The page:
Creating recreational opportunity has additional benefits beyond recreation. Venison provides a source of healthy, natural food, and hunting has been demonstrated to develop a connection between the individual and their appreciation and involvement in conservation of our natural resources. Because most hunters are required to have hunter education and gain experience using a firearm, hunting can also promote gun safety.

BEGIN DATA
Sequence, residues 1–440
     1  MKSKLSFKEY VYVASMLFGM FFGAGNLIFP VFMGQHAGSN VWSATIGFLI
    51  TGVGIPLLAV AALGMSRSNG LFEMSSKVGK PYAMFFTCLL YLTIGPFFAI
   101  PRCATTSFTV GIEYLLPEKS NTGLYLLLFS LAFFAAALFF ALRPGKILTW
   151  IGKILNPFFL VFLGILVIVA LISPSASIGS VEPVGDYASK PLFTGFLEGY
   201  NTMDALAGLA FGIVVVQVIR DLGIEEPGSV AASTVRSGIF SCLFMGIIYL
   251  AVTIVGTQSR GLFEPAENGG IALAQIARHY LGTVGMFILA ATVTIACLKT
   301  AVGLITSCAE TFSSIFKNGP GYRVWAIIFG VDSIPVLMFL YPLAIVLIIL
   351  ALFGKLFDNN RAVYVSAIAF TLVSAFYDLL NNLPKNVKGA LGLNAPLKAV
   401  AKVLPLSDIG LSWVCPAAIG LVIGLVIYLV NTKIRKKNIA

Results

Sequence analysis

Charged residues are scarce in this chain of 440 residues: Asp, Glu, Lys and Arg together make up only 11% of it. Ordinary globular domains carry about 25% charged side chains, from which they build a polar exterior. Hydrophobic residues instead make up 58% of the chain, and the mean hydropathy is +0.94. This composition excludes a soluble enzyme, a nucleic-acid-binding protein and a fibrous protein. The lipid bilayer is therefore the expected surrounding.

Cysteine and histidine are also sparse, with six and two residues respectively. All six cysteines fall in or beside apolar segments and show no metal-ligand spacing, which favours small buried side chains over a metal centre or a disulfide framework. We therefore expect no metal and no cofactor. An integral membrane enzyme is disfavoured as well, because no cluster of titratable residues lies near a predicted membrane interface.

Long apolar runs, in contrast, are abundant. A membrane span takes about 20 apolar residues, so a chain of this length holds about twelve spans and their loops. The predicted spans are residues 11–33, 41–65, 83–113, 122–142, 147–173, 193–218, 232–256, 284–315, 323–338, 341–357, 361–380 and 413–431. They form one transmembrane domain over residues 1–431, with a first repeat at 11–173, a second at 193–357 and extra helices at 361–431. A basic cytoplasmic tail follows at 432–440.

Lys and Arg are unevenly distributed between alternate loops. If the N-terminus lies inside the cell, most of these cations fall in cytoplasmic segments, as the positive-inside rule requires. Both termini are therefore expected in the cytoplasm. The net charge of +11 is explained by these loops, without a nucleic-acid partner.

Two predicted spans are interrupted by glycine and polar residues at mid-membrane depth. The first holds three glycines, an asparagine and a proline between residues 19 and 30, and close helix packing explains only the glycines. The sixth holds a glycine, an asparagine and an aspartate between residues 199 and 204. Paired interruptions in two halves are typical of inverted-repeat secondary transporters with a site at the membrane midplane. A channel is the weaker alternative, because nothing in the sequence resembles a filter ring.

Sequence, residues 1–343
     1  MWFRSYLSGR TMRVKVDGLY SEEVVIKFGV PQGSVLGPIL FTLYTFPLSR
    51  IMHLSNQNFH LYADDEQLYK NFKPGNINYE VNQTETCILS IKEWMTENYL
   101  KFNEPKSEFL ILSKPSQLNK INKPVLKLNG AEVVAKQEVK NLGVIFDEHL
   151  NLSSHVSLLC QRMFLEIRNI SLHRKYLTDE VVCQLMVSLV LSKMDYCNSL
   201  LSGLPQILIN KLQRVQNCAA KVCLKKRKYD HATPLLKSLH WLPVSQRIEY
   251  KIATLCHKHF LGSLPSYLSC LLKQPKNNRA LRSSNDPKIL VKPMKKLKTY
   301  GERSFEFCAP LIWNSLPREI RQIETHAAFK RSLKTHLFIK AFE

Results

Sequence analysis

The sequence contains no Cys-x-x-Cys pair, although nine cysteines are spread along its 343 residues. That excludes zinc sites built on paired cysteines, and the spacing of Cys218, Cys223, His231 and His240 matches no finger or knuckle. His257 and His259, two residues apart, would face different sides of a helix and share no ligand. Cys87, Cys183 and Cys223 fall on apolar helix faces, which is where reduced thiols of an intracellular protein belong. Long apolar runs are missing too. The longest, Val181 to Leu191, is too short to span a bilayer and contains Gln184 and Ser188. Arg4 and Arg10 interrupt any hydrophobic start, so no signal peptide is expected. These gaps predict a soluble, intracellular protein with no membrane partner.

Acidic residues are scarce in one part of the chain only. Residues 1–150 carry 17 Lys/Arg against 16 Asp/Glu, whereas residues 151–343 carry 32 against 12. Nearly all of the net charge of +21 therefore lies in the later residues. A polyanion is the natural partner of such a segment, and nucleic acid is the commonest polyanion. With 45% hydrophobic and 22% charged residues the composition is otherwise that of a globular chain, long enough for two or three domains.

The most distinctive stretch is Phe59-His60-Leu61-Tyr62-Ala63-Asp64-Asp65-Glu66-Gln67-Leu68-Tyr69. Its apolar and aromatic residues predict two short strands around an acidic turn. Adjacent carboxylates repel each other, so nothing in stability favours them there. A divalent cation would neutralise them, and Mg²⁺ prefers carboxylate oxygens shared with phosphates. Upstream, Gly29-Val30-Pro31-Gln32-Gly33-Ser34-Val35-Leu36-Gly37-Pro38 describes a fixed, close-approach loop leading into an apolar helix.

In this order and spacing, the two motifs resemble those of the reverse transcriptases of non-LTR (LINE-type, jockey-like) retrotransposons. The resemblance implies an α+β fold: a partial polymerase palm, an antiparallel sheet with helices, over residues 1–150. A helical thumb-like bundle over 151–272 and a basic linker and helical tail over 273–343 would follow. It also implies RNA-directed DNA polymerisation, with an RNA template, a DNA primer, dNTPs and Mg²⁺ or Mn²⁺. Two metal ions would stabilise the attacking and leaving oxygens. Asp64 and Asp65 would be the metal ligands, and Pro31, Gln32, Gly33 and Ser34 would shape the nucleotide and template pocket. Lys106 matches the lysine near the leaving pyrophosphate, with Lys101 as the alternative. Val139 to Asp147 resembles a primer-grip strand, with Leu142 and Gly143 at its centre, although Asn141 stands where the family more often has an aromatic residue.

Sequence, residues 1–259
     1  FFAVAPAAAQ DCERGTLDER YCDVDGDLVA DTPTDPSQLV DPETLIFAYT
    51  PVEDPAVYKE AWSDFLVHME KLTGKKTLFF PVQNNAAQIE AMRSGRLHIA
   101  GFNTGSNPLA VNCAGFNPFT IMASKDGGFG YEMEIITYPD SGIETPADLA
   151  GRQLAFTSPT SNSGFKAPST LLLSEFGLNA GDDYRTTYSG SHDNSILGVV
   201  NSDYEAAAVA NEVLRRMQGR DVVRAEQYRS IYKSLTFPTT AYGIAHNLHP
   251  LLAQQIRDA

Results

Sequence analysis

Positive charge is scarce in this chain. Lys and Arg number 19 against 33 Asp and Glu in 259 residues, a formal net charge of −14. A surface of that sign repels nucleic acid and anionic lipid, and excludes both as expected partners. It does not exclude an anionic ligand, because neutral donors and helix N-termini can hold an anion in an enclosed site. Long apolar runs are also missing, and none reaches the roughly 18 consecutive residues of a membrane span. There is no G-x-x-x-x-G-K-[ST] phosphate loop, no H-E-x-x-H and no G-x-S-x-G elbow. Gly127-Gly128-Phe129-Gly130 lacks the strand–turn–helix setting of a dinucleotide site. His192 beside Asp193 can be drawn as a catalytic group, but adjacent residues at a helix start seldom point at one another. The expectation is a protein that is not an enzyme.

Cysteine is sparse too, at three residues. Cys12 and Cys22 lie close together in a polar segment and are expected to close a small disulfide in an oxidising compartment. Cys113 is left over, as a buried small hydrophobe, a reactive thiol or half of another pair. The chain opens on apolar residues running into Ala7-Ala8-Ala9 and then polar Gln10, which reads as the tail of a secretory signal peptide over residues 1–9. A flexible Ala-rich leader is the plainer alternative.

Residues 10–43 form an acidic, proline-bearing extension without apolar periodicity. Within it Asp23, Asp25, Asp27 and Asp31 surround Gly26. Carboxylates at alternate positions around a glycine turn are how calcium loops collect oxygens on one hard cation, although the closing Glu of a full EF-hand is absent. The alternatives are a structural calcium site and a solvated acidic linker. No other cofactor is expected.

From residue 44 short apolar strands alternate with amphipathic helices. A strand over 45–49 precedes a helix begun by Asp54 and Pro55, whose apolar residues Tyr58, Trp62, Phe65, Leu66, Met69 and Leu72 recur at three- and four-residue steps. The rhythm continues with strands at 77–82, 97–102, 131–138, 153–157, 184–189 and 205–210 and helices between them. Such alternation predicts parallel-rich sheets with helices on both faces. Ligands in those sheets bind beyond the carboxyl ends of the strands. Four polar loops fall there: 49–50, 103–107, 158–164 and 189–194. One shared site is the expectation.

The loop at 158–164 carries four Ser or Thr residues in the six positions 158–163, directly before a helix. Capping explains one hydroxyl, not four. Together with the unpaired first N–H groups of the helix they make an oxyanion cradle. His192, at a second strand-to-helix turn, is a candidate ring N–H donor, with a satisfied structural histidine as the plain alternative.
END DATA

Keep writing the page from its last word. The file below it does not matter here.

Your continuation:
Iowa has a healthy deer herd that all can enjoy. There will always be challenges to managing deer throughout the State, in urban areas and other refuges like State and County parks where restricted hunting opportunity exists. However, special hunts have been successful in reducing deer numbers in those areas. Iowa’s hunters play an important role in managing deer populations. Always report your harvest as required by Iowa DNR regulations, take care of the resource we have. The future of this great sport that we so enjoy lies in the hands of those that we mentor and bring up to respect and take care of the resource we have in Iowa. Whether you mentor your own son or daughter, or take time to share your knowledge with a novice hunter, young or old, rewards will last a lifetime. Good hunting!